Business of Water
- Underground stores of water in the southwestern United States have receded dramatically amid ongoing drought that has parched states from Oklahoma to the Pacific Coast and is costing California billions in lost crops and jobs, a new study shows.
LOS ANGELES - Fresh-caught swordfish will be off the menu in California restaurants for at least the next month, due to a federally imposed temporary ban on drift gillnets in the Pacific to protect endangered sea turtles starting on Friday.
ANNAPOLIS Md. - Maryland officials are hoping that the prospect of landing a record fish will enlist anglers in the battle against the northern snakehead, a voracious newcomer dubbed "Frankenfish."
SANTIAGO - World No. 1 copper producer Codelco submitted to Chilean environmental authorities changes to its controversial Andina project that it said would reduce the mine's potential impact on nearby glaciers and water supply.
- A class of insecticides popular with corn and soybean farmers in the U.S. Midwest but feared as a factor in the decline of U.S. honey bee colonies and other crop pollinators, has been found to be widespread through rivers and streams in Iowa, according to a government study released on Thursday.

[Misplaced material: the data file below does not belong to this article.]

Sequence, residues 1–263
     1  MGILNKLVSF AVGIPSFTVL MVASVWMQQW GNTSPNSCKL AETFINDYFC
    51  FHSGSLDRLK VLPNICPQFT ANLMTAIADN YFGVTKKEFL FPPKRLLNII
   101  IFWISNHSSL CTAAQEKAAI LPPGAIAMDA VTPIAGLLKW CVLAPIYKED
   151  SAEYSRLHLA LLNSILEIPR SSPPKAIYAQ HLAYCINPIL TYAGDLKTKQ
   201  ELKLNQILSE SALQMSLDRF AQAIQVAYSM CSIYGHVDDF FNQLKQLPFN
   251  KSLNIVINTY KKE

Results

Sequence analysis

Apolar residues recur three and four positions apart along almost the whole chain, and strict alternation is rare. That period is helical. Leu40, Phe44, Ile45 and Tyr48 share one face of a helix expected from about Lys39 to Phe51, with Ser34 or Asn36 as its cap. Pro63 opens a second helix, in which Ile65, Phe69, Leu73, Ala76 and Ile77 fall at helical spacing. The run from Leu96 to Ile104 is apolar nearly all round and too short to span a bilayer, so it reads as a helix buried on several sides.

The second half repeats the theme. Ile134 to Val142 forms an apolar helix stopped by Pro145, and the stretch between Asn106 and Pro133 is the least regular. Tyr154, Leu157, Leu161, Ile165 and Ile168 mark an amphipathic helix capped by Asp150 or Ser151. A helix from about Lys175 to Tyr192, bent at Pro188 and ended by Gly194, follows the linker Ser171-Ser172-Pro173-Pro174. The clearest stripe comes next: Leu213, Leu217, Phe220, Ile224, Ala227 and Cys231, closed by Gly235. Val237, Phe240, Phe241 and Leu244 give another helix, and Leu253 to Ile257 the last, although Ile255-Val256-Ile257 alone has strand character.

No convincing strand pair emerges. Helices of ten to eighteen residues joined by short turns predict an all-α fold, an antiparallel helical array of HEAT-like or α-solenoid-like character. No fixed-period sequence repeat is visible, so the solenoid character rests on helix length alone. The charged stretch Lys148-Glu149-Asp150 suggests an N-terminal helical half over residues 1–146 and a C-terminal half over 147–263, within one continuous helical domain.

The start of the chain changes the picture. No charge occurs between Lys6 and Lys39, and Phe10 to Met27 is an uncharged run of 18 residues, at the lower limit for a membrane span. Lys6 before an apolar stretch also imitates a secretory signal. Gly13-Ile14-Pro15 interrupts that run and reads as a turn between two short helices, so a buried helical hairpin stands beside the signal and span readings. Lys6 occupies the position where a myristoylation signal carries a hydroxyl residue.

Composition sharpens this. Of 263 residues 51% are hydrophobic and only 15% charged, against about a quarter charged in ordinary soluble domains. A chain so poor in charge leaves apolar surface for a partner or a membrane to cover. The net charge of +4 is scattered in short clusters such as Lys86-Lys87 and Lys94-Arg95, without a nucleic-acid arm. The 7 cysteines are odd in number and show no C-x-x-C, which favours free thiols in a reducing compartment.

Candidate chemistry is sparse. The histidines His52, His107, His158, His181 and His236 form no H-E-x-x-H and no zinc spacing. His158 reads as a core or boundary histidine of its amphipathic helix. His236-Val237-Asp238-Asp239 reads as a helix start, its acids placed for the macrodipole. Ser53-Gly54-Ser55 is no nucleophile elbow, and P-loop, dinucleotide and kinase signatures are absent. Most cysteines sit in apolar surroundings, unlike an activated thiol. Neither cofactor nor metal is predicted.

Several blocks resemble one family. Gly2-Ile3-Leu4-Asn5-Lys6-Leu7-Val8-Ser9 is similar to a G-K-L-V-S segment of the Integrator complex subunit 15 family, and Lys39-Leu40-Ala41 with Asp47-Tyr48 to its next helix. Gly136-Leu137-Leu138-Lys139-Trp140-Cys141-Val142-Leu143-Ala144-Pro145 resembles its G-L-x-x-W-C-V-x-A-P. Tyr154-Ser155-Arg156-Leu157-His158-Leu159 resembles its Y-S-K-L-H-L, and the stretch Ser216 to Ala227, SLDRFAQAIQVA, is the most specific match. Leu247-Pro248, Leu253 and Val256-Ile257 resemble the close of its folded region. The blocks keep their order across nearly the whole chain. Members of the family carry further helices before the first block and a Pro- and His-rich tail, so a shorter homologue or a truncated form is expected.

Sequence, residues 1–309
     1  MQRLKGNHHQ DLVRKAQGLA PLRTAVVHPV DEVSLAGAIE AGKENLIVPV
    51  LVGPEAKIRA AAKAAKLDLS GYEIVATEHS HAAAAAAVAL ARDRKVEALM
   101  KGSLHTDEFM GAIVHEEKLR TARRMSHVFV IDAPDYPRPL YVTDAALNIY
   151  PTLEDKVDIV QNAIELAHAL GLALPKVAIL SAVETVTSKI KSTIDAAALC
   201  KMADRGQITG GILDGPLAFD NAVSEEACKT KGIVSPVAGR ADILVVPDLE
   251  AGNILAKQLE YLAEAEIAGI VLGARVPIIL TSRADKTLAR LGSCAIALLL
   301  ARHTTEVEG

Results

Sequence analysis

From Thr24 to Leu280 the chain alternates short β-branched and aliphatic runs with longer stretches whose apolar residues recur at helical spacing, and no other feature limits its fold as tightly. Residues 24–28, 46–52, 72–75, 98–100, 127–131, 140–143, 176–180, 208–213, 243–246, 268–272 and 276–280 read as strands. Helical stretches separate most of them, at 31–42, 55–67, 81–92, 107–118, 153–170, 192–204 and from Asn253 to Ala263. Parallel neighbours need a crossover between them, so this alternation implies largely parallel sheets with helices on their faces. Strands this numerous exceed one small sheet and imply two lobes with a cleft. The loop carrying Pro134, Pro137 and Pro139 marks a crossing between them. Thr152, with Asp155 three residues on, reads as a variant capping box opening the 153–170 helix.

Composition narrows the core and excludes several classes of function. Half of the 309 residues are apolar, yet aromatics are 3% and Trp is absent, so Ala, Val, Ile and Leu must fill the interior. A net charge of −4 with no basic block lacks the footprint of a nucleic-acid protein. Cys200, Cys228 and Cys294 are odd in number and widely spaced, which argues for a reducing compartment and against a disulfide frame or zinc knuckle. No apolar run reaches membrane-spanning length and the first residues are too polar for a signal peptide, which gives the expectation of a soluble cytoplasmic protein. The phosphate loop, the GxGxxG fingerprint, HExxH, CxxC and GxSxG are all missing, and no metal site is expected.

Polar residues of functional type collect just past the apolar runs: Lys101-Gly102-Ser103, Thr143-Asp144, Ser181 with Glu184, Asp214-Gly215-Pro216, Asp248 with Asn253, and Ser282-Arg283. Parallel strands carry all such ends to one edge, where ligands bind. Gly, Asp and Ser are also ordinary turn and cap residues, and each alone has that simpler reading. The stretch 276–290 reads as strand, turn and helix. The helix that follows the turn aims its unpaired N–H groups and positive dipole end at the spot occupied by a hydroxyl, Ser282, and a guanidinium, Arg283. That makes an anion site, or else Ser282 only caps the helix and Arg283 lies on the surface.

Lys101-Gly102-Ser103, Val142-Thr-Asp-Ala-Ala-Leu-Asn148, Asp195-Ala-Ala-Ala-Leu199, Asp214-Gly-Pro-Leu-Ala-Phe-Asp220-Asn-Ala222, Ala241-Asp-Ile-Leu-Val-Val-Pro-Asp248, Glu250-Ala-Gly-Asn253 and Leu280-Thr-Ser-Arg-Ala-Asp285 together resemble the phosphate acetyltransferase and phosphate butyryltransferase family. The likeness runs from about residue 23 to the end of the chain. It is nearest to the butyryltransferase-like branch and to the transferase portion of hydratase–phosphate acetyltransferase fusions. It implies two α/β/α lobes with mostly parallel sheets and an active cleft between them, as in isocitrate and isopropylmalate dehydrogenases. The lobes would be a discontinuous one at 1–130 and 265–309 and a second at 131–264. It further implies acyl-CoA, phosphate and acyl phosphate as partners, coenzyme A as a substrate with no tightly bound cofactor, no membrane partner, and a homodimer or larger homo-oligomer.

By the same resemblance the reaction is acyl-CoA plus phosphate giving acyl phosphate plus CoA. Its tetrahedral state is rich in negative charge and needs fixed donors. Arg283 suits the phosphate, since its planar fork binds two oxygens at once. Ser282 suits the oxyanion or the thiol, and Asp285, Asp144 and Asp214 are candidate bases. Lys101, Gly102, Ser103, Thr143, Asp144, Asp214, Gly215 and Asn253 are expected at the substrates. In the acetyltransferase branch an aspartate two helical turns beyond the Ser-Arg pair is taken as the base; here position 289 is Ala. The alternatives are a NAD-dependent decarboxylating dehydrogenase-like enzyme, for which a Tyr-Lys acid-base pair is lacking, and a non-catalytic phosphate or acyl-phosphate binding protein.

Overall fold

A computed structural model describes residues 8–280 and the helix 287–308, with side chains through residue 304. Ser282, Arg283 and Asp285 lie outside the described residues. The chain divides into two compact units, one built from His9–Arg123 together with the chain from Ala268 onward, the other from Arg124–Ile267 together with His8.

SALMON Idaho - Federal land managers on Wednesday banned exploding targets used by shooting enthusiasts from 12 national forests in four Western U.S. states, saying the devices could spark wildfires and are a threat to public safety.
OSLO - Sweden's top nuclear power generators have been forced to cut output because of exceptionally warm weather in Scandinavia, and their output could be reduced for over a week, their operators said on Wednesday.
- A group of top scientists has called for a fundamental change to how the United States deals with risks to its Atlantic and Gulf coasts from storms and climate change in a National Research Council report released Wednesday.
SAN JOSE Calif. - Hosing down a driveway in drought-stricken California could soon mean a visit from the "water cops," as agencies throughout the state begin beefing up staff to enforce strict new conservation rules set to take effect next month.
- Hosing down a driveway in drought-stricken California could soon mean a visit from the "water cops," as agencies throughout the state begin beefing up staff to enforce strict new conservation rules set to take effect next month.
Despite severe air pollution, local and provincial officials in the Chinese city of Nanchang are trying to clean it up and make it more attractive for foreign investment, making the city an important test case for efforts to ease the environmental damage from unchecked economic growth.